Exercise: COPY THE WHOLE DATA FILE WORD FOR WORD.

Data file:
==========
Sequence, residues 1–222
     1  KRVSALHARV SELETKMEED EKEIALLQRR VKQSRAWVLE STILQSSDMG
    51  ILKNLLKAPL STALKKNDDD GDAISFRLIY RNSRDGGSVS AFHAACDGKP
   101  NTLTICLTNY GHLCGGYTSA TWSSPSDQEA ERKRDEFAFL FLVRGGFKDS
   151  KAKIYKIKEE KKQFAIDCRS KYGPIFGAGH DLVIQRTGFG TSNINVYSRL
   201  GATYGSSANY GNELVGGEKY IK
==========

Sequence, residues 1–222
     1  KRVSALHARV SELETKMEED EKEIALLQRR VKQSRAWVLE STILQSSDMG
    51  ILKNLLKAPL STALKKNDDD GDAISFRLIY RNSRDGGSVS AFHAACDGKP
   101  NTLTICLTNY GHLCGGYTSA TWSSPSDQEA ERKRDEFAFL FLVRGGFKDS
   151  KAKIYKIKEE KKQFAIDCRS KYGPIFGAGH DLVIQRTGFG TSNINVYSRL
   201  GATYGSSANY GNELVGGEKY IK